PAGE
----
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Hood Museum of Art
Dartmouth College
Hanover, NH 03755
603.646.2808
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Alma-Tadema and Antiquity

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Imagining Classical Sculpture in Late-Nineteenth Century Britain

Essay by T. Barton Thurber, Curator of European Art, from the Hood Quarterly, summer 2008

Sir Lawrence Alma-Tadema’s (1836–1912) largest painting, measuring over nine by seven feet in its original frame, and one of his most ambitious compositions, The Sculpture Gallery was exhibited at the Paris Salon in 1874 and the Royal Academy in 1875 (fig. 1). The painting was a tour-de-force of illusionism, recreating with archaeological precision Roman architecture, sculpture, and decorative objects. The artist had examined many of the actual ancient works of art during his visits to Herculaneum and Pompeii in the 1860s and recorded a number of the objects in sketches and photographs. As a result of these careful studies, Alma-Tadema produced not only a sumptuous depiction of antique works of art in an exquisitely rendered interior but also a highly innovative painting. The accuracy of his representation and the complexity of his conception have been highlighted in a small exhibition in the Harrington Gallery.

In addition to the large painting, the Hood’s display includes another depiction of this theme by the artist and other related works, as well as a recently completed set of radiographs. Featured loans from the Museo Archeologico Nazionale and the Soprintendenza archeologica di Pompei include two of the original, ancient Roman objects that Alma-Tadema personally examined and documented in Naples and Pompeii (figs. 2 and 3). Assembled together for the first time, the installation reveals the originality of the subject and the complex construction of The Sculpture Gallery.

At the center of the painting a slave, identified by the crescent-shaped plaque hanging from his neck, displays a dark-colored labrum, or basin, decorated with the mythological creature Scylla. Admiring the work on the left is an aristocratic family, actually comprised of portraits of Alma-Tadema, his wife and children, and his brother- and sister-in-law, surrounded by other identifiable works of art. In the background, a small shop window opens onto a public space to sell utilitarian and small-scale objects.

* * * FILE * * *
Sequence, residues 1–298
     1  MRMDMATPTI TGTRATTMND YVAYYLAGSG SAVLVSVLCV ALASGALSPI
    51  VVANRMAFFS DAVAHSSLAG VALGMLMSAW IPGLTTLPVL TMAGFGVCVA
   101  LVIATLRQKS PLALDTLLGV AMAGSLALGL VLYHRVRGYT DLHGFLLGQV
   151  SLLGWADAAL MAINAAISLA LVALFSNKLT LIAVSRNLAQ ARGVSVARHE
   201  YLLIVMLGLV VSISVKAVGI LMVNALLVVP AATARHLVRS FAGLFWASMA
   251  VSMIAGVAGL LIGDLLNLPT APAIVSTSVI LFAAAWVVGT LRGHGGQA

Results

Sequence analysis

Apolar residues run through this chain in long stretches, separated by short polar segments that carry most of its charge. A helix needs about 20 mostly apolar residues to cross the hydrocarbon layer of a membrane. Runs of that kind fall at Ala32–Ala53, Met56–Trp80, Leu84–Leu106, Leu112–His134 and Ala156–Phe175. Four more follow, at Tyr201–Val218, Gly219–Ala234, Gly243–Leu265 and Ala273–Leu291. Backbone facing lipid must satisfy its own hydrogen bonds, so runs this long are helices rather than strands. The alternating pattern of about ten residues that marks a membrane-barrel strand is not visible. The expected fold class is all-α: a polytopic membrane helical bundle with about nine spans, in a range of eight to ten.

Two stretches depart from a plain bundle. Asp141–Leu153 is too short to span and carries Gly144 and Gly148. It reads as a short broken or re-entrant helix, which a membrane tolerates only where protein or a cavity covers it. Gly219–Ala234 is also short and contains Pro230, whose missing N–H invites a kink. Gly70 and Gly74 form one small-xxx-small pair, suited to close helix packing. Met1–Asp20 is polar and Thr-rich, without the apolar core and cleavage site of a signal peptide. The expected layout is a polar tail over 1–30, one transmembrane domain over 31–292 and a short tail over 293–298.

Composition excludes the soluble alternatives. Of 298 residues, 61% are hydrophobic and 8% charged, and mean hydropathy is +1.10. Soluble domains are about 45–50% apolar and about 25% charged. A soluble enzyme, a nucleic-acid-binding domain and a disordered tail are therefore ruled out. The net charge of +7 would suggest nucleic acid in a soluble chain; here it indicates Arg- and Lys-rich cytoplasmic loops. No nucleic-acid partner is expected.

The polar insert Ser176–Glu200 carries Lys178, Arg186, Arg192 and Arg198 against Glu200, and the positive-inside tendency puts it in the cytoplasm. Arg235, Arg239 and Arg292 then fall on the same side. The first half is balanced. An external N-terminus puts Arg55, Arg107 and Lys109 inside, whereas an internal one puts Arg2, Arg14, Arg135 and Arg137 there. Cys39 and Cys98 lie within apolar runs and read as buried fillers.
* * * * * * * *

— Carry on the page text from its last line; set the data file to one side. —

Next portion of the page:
For the Victorian-era critic John Ruskin (1819-1900), the picture is a biting commentary on the acquisitive nature of ancient Romans and their supposed inability to distinguish between decorative works and art of true distinction. According to this interpretation, the family is enraptured by the dazzling scale of the labrum while they ignore the more noble sculptures that encircle them, such as, on the left, a marble bust of Pericles, and, on the right, a seated statue of Agrippina. This explanation of the subject draws on the observations of the Roman writer Pliny the Elder (23/24 CE-79 CE), who complained that his contemporaries were more interested in the cost of a work than its artistic value.

On another level, Alma-Tadema’s painted representation of the display and sale of ancient statues and other works emphasizes the role of sculpture in original, daily settings, instead of drawing attention to their significance as timeless ideals. The similar treatment of both utilitarian and luxurious objects undermines traditional hierarchies between different categories, such as decorative accessories and fine art. The sculptures are no longer presented as representative artifacts of a Golden Age to be reproduced or recreated, but rather as an integral part of everyday life in antiquity.

The complexities involved in interpreting the meaning of the painting correspond with the apparent intricacies of its conception and execution. A recent set of radiographs reveals that Alma-Tadema’s picture is the result of an elaborate process that required many changes (fig. 4). The most startling alteration shows that the principal male figure on the left originally was standing and looking toward the labrum. It also appears that it was not originally intended to be a self-portrait. Other modifications include the standing red-headed woman, whose pasty white heaviness suggest that she may have been inserted—possibly along with the children—after the marble background was already completed. She also wears a long veil in the earlier version.

Areas of extensive reworking indicated that even though the basic theme of the painting did not change, Alma-Tadema labored over the final composition and particular details. As the critic John Ruskin observed, The Sculpture Gallery was an extraordinary “work [of] artistic skill and classic learning, both in high degree.

Last Updated: 8/28/08